The analysis is based on paid Medicare claims data from the CMS Integrated Data Repository (IDR). The IDR contains Medicare and Medicaid claims, beneficiary data, provider data, and plan data. Claims data are analyzed for a 12-month reference period, and results are updated quarterly to reflect a more recent 12-month reference period.

The Market Saturation and Utilization methodology is different from other public use data with respect to determining the geographic location of a provider. In this analysis, claims are used to define the geographic area(s) served by a provider rather than the provider’s practice address. Further, a provider is defined as “serving a county” if, during the 12-month reference period, the provider had paid claims for more than ten beneficiaries located in a county. A provider is defined as “serving a state” if that provider serves any county in the state.

The Market Saturation and Utilization methodology is also different from other public use data with respect to determining the number of Medicare beneficiaries who are enrolled in a fee-for-service (FFS) program. In this analysis, a FFS beneficiary is defined as being enrolled in Part A and/or Part B with a coverage type code equal to “9” (FFS coverage) for at least one month of the 12-month reference period. There must not be a death date for that month or a missing zip code for the beneficiary so that the beneficiary can be assigned to a county. Other public use data may define a FFS beneficiary using different criteria, such as requiring the beneficiary to be enrolled in the FFS program every month during the reference period.

The Market Saturation and Utilization Data Tool includes an interactive map that is color-coded based on an analysis that separates the distribution into the following categories of states/counties for the selected metric: lowest 25 percent, second lowest 25 percent, third lowest 25 percent, top 25 percent excluding extreme values, and extreme values.  An extreme value is one that greatly differs from other values in its field (e.g., Number of Providers). For those interested in states and counties affected by CMS’ temporary provider enrollment moratoria during the reference periods for which data are available, the interactive map permits a visualization that identifies those states and counties. In this visualization, ambulance and home health service areas for moratoria versus non-moratoria states/counties are also identified based on color scheme. Counties that are excluded from the analysis are colored gray in the interactive map.

The examples below utilize the Ambulance (Emergency & Non-Emergency) service area data (selected for illustration purposes only). Similar maps can be created through the Data Tool for all of the health service areas included in the fourth release and for the four, twelve-month reference periods: 2014-10-01 to 2015-09-30, 2015-01-01 to 2015-12-31, 2015-04-01 to 2016-03-31, and 2015-07-01 to 2016-06-30.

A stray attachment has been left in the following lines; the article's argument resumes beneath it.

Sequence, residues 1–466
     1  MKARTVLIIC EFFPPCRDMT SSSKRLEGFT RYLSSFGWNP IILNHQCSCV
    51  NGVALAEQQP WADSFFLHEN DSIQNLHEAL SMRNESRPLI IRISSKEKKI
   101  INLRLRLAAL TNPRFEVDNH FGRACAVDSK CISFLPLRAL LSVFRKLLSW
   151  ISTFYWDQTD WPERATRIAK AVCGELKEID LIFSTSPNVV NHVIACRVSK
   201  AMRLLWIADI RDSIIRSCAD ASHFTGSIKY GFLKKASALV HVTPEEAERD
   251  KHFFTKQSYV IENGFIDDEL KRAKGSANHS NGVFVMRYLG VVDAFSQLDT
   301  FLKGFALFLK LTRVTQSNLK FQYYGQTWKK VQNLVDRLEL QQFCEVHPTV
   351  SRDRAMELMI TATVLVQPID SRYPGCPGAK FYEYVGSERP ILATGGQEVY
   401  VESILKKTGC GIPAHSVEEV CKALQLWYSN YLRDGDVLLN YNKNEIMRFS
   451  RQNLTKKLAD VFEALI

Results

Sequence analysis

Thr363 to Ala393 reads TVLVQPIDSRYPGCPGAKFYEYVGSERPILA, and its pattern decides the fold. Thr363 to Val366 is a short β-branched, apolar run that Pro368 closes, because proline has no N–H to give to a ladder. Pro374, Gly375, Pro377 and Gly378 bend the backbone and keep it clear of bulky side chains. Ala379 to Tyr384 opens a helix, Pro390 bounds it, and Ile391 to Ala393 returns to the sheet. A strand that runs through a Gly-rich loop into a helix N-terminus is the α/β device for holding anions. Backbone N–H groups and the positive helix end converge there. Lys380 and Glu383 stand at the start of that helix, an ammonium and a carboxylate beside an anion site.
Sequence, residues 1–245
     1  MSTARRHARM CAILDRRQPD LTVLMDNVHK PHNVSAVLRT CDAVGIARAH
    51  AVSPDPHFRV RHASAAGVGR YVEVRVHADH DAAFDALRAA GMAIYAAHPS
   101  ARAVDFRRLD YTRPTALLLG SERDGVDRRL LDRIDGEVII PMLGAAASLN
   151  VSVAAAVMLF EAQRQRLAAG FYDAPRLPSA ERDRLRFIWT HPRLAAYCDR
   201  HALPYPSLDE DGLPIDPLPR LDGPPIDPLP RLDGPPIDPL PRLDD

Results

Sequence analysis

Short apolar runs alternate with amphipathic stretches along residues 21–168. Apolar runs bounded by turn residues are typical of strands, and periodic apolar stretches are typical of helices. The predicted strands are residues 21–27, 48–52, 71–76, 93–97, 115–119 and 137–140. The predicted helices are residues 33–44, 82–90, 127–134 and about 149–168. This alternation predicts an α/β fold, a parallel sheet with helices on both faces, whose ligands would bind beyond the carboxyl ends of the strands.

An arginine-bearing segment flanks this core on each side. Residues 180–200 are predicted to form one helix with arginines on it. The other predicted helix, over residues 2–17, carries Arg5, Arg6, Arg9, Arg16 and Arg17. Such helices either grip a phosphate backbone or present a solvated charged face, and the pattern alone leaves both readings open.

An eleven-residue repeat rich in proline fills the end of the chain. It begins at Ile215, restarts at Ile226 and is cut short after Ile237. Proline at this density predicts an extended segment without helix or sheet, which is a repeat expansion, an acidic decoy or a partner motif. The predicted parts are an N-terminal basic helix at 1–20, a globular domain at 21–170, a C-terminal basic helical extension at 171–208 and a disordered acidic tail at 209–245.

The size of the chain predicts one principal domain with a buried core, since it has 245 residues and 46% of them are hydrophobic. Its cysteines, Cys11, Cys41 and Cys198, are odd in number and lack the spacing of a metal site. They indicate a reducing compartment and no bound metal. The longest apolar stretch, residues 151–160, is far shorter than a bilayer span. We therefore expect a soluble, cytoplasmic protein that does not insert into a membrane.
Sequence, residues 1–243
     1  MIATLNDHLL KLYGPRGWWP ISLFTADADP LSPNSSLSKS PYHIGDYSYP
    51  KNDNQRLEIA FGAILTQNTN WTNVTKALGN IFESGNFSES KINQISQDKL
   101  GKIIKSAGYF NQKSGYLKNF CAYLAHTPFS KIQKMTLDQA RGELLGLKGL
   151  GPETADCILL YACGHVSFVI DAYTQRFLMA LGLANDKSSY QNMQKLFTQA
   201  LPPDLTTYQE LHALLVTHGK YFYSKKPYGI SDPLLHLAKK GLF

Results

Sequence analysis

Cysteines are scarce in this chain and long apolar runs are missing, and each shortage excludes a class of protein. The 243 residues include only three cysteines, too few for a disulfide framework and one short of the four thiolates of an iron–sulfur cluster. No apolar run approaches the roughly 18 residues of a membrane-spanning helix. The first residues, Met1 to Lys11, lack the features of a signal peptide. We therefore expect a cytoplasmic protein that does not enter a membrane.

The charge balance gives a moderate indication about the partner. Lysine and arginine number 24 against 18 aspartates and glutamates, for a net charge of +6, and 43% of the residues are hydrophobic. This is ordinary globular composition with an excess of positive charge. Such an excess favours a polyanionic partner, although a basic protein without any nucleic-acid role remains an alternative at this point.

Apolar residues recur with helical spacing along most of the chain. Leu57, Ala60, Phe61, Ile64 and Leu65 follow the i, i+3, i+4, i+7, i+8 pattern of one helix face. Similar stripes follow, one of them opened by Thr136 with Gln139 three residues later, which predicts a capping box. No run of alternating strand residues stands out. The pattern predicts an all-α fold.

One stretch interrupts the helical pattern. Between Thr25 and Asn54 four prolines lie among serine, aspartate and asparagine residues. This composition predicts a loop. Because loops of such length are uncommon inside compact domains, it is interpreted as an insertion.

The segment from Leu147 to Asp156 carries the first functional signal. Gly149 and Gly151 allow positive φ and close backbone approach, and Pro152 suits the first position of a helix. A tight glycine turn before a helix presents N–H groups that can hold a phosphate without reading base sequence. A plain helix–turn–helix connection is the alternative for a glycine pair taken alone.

Map 1 displays the distribution of providers by state for the Ambulance (Emergency & Non-Emergency) service area for the October 1, 2014 through September 30, 2015 reference period. This map utilizes a single color scale, which does not distinguish between moratoria and non-moratoria states.

Map 1. Ambulance (Emergency & Non-Emergency):
National Distribution of Number of Providers
October 1, 2014 – September 30, 2015
Single Color Scale

Figure 1

Map 2 displays the distribution of providers by state for the October 1, 2014 through September 30, 2015 reference period. This map utilizes a dual color scale, which distinguishes between moratoria and non-moratoria states.

Map 2. Ambulance (Emergency & Non-Emergency):
National Distribution of Number of Providers
October 1, 2014 – September 30, 2015
Color by Moratoria Status

Figure 2

Map 3 drills down to the county level and displays the distribution of providers by county within the State of Texas for the October 1, 2014 through September 30, 2015 reference period. This map utilizes a single color scale, which does not distinguish between moratoria and non-moratoria counties. 

Map 3. Ambulance (Emergency & Non-Emergency):
County Distribution of Number of Providers
October 1, 2014 – September 30, 2015
Single Color Scale

Figure 3

Map 4 drills down to the county level and displays the distribution of providers by county within the State of Texas for the October 1, 2014 through September 30, 2015 reference period. This map utilizes a dual color scale, which distinguishes between moratoria and non-moratoria counties.

Map 4. Ambulance (Emergency & Non-Emergency):

County Distribution of Number of Providers
October 1, 2014 – September 30, 2015
Color by Moratoria Status

Figure 4

Similar maps can be created at the national- and state-level for the other metrics included in the Data Tool: Number of FFS Beneficiaries, Average Number of Users per Provider, Percentage of Users out of FFS Beneficiaries, and Average Number of Providers per County.